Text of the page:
With it raining cats and dogs outside tonight (and this morning with tropical storm Elsa), this title has greater meaning. “Rainy Day People” is not necessarily my favorite Gordon Lightfoot song, but it describes my bride of 27 years. Why you might ask? Here is a glimpse of Lightfoot’s magical pen in this song (a link to the song is below).

Rainy day people always seem to know when it’s time to call

Rainy day people don’t talk…they just listen til they’ve heard it all

Rainy day lovers don’t lie when they tell you they’ve been down like you

Rainy day people don’t mind if you’re crying a tear or two.

My wife embodies rainy day people. She is a listener who people feel comfortable in being around; comfortable in confiding in. Gordon Lightfoot’s talent and the reason we both love his music is his ability to capture who we are. We saw him perform a few years ago. We enjoyed his music, but also his storytelling between songs. A man who could have many did not seem to have any airs.

His most famous song is “If You Could Read My Mind.” I think even non-Lightfoot fans could sing many of the lyrics of this song. Since it is so popular, I will skip over it to some of his lesser known, but also great songs. Another favorite is “Circle of Steel” because it tells a painful story of an alcoholic mother whose husband is incarcerated and who will lose her child in a week. The gripping, soulful lyrics include:

A child is born to a welfare case…where the rats run around like the own the place

The room is chilly, the building is old….that’s how it goes

A doctor’s found on his welfare round…and he comes and he leaves on the double.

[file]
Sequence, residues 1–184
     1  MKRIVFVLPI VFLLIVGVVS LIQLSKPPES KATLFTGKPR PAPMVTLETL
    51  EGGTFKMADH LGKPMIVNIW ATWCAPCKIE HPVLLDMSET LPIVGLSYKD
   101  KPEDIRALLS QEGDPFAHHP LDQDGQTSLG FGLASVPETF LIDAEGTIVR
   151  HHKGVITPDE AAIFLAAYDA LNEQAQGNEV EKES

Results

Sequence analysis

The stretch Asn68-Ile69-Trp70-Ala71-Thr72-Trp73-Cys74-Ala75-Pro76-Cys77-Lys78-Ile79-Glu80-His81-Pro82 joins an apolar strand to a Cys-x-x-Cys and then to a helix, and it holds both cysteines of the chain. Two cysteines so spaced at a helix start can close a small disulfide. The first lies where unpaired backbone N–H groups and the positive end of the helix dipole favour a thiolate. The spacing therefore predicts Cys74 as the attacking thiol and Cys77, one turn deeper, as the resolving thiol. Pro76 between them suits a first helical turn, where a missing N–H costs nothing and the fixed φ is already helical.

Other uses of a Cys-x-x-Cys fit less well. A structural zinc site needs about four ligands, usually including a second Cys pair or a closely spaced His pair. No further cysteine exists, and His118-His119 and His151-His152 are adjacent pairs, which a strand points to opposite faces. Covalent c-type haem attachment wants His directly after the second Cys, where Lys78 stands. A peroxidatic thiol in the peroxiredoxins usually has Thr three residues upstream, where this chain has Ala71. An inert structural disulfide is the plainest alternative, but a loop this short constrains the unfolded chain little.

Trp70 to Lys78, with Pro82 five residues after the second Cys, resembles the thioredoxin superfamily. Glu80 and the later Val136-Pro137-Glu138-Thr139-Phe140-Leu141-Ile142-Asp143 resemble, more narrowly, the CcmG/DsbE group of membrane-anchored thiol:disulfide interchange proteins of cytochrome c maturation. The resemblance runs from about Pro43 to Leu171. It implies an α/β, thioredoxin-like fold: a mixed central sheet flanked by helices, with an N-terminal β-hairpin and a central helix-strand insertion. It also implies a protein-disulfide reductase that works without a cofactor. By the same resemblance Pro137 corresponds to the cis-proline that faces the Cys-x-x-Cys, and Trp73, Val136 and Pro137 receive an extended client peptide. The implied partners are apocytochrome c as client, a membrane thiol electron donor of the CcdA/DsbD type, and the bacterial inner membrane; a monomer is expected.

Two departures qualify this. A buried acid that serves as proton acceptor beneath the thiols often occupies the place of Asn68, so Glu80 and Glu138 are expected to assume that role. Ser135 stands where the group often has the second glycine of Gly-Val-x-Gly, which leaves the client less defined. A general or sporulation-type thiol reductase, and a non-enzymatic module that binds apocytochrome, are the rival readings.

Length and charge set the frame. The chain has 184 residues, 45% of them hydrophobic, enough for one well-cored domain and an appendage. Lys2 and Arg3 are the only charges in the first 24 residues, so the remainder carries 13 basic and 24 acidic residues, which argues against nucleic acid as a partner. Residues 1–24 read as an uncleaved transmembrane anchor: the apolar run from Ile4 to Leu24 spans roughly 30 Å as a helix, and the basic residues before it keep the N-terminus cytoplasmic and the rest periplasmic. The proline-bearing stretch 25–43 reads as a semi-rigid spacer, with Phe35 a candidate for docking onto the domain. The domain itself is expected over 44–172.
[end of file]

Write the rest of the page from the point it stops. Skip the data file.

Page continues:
The subject of the song is not heroic, but the words tell a story of how people struggle. Most of us don’t live in gated communities. Life is very hard for many.

For the romantic side in each of us, he write songs like “Beautiful” which has words like:

At times I just don’t know….how you could be anything but beautiful

I think that I was made for you and you were made for me

And I know that I will never change…’cause we’ve been friends through rain or shine

For such a long, long time.

He has written so many songs that were so well-loved others also recorded them. “Early Morning Rain” was sung by Elvis. “For Lovin Me” was sung by Peter, Paul and Mary. He also added a second song to the back of that one as the first part talked disdainfully to a woman scorned when the man said “that’s what you get for lovin me.” The added song he recorded had a lament “Did she mention my name” as the person who scorned his lover was feeling great remorse later on. Other great songs of his include:

“Whisper My Name”

“Sundown”

“The Wreck of the Edmund Fitzgerald”

“Carefree Highway”

“Cotton Jenny”

“Old Dan’s Records”

“Summer Side of Life”

“Cold on the Shoulder”

And, countless others, that should not be construed less by my failure to list them. Yet, let me close with a self-portrait of Mr. Lightfoot, at least by my interpretation – “Minstrel of the Dawn.” In it he says:

The minstrel of the dawn is here….to make you laugh and bend your ear

Up the steps you’ll hear him climb….all full of thoughts, all full of rhymes